So far, it’s hard to criticize Romeo Crennel the head coach all that much, really. It’s Crennel the defensive coordinator that is taking the most heat — and with good reason.
Through two games, his defense has allowed 68 points (eight touchdowns), scoring on 12 of opponents’ 22 possessions and nearly seven yards per play. The group has one sack and zero takeaways.
Despite early evidence that the 65-year-old Crennel might not be able to handle both jobs concurrently, he believes he can.
“I’ve done both jobs before; I haven’t done both of them at the same time before,” Crennel said. “I’ve been a defensive line coach and a defensive coordinator before, so I’ve done dual roles in the past. I kind of understand what it takes."
One league observer from outside the team wondered aloud how Crennel is able to handle the rigors of being a head coach and not have someone else running his defensive system.
“(It) doesn’t make a lot of sense to me. He’s 65. He’s maybe on his last shot (as a head coach). They have some talent. Why not let someone else run (the defense)?” the observer said. “Why not let (Chiefs DB coach) Emmitt Thomas run it? He’s been a coordinator, even though it was a while ago.”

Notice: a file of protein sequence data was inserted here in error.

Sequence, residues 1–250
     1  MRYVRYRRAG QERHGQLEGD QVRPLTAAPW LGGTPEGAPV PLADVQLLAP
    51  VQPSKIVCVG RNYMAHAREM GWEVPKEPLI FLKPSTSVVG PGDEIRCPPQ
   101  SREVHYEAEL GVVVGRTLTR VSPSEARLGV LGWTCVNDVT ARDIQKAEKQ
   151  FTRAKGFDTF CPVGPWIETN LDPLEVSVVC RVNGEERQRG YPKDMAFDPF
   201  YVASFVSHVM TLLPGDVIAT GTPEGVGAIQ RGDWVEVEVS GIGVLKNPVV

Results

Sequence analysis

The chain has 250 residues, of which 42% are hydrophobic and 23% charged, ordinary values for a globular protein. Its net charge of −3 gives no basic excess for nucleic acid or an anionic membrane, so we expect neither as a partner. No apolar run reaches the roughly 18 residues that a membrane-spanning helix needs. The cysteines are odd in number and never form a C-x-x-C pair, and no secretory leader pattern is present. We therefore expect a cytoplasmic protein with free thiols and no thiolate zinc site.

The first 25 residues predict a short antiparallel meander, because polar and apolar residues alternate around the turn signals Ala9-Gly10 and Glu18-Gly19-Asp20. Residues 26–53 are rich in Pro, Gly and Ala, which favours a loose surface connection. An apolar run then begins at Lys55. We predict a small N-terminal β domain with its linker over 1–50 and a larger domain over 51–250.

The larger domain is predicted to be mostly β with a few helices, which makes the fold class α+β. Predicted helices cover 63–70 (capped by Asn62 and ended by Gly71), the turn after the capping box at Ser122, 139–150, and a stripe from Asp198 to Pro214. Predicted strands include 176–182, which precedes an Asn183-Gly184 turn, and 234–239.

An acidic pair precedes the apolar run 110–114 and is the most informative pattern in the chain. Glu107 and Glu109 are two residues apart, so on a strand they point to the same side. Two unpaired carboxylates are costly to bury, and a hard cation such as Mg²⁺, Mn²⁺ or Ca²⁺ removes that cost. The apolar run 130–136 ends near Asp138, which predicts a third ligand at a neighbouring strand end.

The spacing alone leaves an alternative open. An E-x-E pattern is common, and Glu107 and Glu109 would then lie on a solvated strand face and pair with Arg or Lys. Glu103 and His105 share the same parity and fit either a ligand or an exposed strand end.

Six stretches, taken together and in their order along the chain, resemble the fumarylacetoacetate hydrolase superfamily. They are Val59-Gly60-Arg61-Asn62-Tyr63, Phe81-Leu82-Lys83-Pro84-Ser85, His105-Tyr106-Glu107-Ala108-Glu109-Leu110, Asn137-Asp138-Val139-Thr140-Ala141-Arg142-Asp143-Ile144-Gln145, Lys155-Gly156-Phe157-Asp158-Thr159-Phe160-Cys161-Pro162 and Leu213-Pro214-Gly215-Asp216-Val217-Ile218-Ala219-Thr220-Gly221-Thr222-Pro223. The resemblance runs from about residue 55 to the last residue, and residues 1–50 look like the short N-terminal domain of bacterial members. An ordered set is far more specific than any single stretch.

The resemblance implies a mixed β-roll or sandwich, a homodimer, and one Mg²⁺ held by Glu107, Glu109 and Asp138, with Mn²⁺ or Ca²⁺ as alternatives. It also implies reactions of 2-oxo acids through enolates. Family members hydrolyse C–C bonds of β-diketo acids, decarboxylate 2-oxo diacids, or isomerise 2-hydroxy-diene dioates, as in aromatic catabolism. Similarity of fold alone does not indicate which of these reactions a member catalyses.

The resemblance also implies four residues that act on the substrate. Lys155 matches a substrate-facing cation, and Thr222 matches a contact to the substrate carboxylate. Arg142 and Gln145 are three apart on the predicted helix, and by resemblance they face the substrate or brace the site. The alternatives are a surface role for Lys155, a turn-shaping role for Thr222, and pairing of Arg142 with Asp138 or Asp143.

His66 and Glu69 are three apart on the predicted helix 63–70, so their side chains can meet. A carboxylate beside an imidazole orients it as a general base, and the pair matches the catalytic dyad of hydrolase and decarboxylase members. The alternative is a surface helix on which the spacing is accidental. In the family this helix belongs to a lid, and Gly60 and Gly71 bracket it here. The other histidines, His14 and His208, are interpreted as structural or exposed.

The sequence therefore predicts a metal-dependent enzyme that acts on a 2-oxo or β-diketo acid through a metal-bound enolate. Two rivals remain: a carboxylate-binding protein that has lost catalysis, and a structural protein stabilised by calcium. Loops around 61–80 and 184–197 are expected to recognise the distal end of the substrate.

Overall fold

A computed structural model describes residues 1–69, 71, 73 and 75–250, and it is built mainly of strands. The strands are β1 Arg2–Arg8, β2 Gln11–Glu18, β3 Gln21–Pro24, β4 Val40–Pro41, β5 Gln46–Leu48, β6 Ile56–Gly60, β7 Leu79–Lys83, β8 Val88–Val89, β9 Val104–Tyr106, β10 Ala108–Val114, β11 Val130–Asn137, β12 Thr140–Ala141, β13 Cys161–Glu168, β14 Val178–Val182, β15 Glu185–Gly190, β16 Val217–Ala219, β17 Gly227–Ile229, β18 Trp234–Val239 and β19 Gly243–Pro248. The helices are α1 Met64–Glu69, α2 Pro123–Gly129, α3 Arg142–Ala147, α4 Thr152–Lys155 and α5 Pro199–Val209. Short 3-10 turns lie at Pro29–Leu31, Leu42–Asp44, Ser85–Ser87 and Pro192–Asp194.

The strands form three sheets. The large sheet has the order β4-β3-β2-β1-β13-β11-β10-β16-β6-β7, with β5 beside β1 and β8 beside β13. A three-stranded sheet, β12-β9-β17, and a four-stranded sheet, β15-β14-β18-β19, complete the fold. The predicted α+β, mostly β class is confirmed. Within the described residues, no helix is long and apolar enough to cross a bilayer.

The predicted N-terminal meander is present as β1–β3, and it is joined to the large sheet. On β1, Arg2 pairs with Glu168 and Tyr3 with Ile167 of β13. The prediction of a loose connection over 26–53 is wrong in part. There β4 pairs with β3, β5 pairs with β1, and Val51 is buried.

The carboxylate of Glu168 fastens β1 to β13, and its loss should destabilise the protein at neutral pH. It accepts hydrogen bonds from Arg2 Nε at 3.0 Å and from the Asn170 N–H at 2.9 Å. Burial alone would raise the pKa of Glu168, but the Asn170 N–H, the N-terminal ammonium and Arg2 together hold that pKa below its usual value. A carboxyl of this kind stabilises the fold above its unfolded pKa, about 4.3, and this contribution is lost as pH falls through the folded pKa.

Thomas last was a defensive coordinator in 2001 with the Vikings. He was on Todd Haley’s staff the past two seasons with Crennel, who was the defensive coordinator before taking over for Haley.
Some other NFL head coaches serve as de facto coordinators, calling plays, such as San Diego’s Norv Turner, Dallas’ Jason Garrett and Green Bay’s Mike McCarthy on offense. The only other NFL team not to have a true defensive coordinator is the Rams, who have the suspended Gregg Williams named to that position, but he must sit out at least the 2012 season.
Can Crennel handle both jobs? The early returns suggest he could use a helping hand.